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Tuesday, December 18, 2018  Spokane, Washington  Est. May 19, 1883
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News >  Idaho

Kootenai undecided on jail expansion

The Kootenai County Commission hasn’t yet decided whether to pitch another jail expansion measure – a $55 million sales tax proposal – this November.

Commissioner Katie Brodie said Tuesday the commission realizes it can’t hold up potential campaign efforts but that it needs time to evaluate the new proposal from the Jail Expansion Citizen’s Advisory Committee.

“Time is scarce,” Brodie said, but she gave no timeline for the decision.

The advisory committee presented the $55 million recommendation to the commission Tuesday. The group was formed to evaluate what went wrong last fall when voters rejected a similar expansion proposal for $50 million.

The commission thanked the group for its work but gave little indication how it might proceed.

“It’s an issue that’s not going away,” Commission Chairman Gus Johnson said. “We need to be diligent in our decision on which way to go.”

The commission doesn’t have to accept the group’s recommendation and could opt to lower the price tag or pursue the project in phases.

The three commissioners also could take no action, leaving it up to Commissioner Rick Currie and the two new commissioners who will take office in January. The soonest the new commission could put the measure on the ballot is November 2007. Brodie and Johnson lost re-election bids in the May Republican primary.

Colleen Allison, the chairwoman of the advisory group and a county grant writer, said she is opposed to doing the project in phases because the county likely would lose its ability to use sales tax revenue to fund the jail expansion.

The local-option sales tax option expires in 2009, unless the Idaho Legislature extends the law.

“I don’t know how well we were able to explain that to the public,” Allison said.

Both the commission and the advisory group agree that the local-option sales tax is the best way to pay for the jail expansion because it provides an equal amount of property tax relief.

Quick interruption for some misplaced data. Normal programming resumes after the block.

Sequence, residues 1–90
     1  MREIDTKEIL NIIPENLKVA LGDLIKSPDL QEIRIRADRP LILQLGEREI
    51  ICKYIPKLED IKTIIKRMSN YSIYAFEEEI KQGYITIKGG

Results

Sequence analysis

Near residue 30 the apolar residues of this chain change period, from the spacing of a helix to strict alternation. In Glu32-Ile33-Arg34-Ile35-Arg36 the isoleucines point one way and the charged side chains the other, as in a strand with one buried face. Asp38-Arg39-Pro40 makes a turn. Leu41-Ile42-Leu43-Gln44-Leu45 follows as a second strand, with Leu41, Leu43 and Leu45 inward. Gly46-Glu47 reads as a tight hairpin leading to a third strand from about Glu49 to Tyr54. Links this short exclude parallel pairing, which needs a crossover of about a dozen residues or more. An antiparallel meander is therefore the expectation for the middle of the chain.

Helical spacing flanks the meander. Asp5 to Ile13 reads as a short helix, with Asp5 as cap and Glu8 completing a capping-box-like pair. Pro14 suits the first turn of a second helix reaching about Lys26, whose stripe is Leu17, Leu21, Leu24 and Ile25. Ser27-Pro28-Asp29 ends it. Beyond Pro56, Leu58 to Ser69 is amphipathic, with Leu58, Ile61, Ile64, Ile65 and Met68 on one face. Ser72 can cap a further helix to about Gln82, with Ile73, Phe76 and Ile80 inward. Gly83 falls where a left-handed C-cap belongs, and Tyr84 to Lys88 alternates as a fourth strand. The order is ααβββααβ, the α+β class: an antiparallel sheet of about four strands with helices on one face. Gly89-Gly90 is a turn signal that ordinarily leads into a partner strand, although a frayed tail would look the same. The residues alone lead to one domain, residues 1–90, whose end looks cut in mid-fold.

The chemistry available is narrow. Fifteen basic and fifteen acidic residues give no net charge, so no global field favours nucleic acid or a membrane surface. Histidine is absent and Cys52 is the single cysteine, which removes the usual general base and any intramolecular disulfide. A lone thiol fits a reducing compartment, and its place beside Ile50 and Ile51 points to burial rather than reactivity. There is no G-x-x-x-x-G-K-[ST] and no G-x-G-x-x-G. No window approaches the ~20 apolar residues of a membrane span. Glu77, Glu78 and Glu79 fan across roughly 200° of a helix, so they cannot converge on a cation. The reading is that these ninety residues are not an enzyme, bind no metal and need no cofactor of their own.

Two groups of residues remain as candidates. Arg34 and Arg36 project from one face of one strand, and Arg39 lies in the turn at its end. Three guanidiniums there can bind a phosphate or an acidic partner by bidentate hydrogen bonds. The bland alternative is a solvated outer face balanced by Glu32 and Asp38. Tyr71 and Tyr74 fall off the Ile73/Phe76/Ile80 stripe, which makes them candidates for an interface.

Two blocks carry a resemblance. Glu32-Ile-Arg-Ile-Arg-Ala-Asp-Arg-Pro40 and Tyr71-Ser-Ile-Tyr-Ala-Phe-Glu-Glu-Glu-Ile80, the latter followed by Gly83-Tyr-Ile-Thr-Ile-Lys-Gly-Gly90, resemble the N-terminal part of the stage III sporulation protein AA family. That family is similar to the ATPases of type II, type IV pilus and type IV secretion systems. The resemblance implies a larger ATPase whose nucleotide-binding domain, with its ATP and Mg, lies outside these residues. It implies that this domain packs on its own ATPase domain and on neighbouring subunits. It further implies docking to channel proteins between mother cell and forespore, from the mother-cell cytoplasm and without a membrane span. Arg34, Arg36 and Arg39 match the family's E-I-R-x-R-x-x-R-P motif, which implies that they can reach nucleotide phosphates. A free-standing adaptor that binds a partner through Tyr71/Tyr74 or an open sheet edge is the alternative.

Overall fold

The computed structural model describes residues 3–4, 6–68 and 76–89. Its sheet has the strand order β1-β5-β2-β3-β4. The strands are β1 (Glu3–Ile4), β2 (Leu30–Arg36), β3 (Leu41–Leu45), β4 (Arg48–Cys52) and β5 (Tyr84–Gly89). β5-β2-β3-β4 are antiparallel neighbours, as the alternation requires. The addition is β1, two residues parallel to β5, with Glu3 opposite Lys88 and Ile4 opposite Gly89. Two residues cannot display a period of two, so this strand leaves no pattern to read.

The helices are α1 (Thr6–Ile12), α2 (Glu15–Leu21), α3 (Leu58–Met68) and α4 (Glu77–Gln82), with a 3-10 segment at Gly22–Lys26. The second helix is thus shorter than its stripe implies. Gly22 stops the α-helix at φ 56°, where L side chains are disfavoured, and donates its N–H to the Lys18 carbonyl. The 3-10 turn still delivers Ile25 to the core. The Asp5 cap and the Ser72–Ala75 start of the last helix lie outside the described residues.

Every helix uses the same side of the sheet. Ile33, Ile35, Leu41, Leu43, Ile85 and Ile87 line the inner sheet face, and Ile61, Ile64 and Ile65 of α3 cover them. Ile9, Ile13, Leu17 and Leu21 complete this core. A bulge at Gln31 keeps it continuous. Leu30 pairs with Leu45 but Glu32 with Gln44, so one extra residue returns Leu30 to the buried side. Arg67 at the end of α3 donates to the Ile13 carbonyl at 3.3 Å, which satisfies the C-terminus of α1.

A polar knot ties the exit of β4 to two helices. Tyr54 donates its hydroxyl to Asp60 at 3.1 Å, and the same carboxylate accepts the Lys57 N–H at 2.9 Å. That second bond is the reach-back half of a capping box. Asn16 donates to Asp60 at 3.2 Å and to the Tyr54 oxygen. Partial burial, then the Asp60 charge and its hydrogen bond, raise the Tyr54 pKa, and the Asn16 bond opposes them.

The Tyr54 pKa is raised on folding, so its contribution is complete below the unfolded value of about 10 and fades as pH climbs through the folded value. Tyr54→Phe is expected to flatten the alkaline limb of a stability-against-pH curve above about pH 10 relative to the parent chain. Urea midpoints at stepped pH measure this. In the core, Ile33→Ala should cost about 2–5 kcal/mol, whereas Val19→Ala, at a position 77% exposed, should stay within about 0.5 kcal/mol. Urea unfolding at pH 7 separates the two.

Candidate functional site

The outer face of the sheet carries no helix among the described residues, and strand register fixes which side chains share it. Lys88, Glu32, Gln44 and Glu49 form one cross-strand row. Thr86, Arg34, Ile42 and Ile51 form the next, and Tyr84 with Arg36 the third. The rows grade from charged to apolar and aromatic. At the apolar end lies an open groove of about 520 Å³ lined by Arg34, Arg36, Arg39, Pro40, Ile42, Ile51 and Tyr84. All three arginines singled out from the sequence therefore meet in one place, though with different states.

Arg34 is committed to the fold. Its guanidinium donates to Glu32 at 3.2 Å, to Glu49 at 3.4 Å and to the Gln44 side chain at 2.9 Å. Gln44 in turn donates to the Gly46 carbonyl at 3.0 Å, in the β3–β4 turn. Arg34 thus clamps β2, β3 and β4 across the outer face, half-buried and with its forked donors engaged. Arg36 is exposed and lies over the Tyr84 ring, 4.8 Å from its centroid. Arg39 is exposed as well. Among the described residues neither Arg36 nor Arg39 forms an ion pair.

That’s how the county paid for the previous $12 million jail expansion that voters approved in 2000.

Allison said she also is opposed to the current commission taking no action, leaving the decision for the new commission next year. That, she said, sends a bad message to the courts, which ultimately could order the county to expand its jail because of safety concerns associated with overcrowding.

That’s why the advisory committee recommended the $55 million jail expansion proposal. The recommendation is $5 million more than last fall’s proposal because of rising construction costs. If the measure does go before voters again, Allison said, the citizen group is ready to campaign.

The county acknowledges it failed to make its case in the last go-around, leaving many misconceptions with the public.

A recent survey by Robinson Research of Spokane supports that conclusion. The findings show that the measure failed because “property taxes are too high already,” indicating voters were apparently unaware that the jail expansion would have been funded through a local-option sales tax increase, not property taxes.

Allison said the citizens group has formed a fundraising committee that can accept campaign donations.

The jail is licensed to hold 325 prisoners. It frequently holds more than that, forcing the county to ship inmates to jails in other counties and states.

 

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